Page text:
David and I just finished watching a great nature documentary, “Life in the Undergrowth.”  This terrific documentary following the lives of insects, spiders, slugs, and other creepy-crawlies is the latest in a tremendous “Life of” series of documentaries by Sir David Attenborough (earlier efforts included Birds and Mammals).  In quite a interesting coincidence, by favorite podcast, Quirks and Quarks, back from a summer hiatus had a feature this week about one of the insects featured in the series, the blister beetle. 

In an amazingly complex and sophisticated feat for an insect, here's what they do… the tiny beetle larvae climb up the stem of a small desert plant, they group together into roughly the size of a female solitary bee and release pheromones that mimic those of the female.  The duped male comes into mate (psueudo-copulation being the scientific term for this) and soon discovers he's covered in beetle lavae.  He recovers, flies off, and when he finds a real female to mate with, the beetle larvae jump on her.  She unwittingly takes them into her desert burrow where they feed off the food she brings for her own larvae, before devouring it, becoming adults, and starting the whole cycle over again.  Pretty amazing.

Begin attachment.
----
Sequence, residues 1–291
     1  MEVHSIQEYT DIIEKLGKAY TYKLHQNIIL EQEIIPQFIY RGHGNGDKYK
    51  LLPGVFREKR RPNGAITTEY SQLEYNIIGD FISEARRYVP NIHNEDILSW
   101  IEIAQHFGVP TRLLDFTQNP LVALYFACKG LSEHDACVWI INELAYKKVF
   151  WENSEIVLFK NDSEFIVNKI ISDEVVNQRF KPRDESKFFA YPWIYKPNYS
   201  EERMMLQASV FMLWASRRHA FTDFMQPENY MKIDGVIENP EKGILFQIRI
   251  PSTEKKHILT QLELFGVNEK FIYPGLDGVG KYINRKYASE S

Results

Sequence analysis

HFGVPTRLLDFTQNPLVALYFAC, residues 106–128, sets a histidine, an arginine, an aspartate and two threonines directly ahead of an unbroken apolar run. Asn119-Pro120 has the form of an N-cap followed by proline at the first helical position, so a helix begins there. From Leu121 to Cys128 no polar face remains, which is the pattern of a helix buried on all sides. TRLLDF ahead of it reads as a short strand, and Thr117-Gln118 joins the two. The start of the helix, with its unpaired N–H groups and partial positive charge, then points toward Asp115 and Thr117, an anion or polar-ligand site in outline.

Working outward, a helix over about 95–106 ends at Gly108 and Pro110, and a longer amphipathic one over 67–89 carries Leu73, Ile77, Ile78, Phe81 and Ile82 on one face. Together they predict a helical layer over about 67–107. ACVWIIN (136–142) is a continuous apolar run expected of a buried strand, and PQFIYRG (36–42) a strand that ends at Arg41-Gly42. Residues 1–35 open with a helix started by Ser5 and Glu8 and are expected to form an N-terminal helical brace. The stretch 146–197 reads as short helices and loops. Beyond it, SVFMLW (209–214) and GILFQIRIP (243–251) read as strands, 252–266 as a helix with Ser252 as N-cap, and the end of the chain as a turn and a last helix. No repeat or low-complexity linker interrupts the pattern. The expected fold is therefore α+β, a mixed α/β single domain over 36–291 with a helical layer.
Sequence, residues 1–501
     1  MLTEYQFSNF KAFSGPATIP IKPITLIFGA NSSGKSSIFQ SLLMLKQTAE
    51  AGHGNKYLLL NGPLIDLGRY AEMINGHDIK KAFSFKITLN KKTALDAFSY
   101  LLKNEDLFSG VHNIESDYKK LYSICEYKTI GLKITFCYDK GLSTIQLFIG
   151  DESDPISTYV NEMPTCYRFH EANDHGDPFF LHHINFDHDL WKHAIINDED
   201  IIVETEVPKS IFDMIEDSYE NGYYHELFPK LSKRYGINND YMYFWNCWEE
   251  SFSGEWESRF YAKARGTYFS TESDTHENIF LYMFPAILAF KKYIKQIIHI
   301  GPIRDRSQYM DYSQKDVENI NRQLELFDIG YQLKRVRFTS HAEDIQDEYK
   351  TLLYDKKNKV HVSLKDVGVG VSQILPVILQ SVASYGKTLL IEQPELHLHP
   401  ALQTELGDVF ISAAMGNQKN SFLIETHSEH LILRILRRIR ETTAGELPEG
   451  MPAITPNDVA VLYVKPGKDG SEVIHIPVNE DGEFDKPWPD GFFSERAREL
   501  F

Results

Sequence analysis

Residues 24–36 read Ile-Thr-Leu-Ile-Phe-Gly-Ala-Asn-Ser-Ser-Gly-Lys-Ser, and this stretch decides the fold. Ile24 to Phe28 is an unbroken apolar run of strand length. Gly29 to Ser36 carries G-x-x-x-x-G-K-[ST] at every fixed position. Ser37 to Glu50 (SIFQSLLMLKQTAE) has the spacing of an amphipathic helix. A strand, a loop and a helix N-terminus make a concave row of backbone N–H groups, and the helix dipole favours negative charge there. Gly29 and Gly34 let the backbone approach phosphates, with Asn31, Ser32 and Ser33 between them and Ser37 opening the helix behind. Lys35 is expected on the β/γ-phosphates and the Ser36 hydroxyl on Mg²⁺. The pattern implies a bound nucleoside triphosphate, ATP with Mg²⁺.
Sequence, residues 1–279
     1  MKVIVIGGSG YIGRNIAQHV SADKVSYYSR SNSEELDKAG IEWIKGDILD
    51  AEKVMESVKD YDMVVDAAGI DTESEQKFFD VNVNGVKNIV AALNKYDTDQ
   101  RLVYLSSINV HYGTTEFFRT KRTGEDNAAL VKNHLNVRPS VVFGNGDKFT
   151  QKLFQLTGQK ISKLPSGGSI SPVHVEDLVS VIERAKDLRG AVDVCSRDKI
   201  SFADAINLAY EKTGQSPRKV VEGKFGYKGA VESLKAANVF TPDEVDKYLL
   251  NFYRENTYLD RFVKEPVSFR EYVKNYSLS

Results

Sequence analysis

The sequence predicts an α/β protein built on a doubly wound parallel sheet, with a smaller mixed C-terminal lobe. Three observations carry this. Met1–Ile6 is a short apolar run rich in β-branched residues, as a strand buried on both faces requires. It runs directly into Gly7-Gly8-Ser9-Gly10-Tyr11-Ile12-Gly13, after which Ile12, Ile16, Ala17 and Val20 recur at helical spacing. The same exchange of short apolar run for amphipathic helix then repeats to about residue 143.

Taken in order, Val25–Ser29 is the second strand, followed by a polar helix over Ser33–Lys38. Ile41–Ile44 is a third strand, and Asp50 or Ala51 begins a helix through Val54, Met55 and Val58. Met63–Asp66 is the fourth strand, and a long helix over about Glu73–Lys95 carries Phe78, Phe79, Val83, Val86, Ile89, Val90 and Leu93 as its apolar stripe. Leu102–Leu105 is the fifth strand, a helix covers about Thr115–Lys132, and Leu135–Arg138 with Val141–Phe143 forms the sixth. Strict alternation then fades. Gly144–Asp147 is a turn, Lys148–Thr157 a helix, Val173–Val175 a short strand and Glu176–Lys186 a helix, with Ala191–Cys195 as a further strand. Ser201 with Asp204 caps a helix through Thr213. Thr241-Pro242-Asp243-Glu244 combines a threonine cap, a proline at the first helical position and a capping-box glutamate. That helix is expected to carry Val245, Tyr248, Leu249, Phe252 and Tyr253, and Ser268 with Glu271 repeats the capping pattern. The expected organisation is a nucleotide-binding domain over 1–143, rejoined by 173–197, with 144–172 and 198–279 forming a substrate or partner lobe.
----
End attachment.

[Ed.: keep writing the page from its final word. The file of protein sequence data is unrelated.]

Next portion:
As amazing as that is, I found the amazing adaptation of a particular ichneumon wasp even more fascinating.  The caterpillars of the blue alcon butterfly mimic both the pheromone and smell of ant larvae so that they are taken into ant nests and fed and cared for along with the ant larvae.  They are reasonably good uninvited guests, only taking the food and care before becoming butterflies, not eating the ant larvae.  While the ants are completely fooled by this, the ichneumon wasp is not.  Somehow it detects which nests have the caterpillars inside, flies in, and when attacked by the ants releases a pheromone that makes them attack each other instead (perhaps the military should be investigating this).  Once the ants are busy attacking themselves, she lays her eggs in the caterpillar.  A few months later the caterpillar goes into a cocoon and what emerges is not a butterfly, but an adult wasp.

“You're writing about the bugs?” Kim asks looking over my shoulder.  But I just thought these were such amazing things in the insect world that more people should know about them.  If you don't agree, you probably didn't make it to this point in the post anyway.

About Steve Greene
Professor of Political Science at NC State

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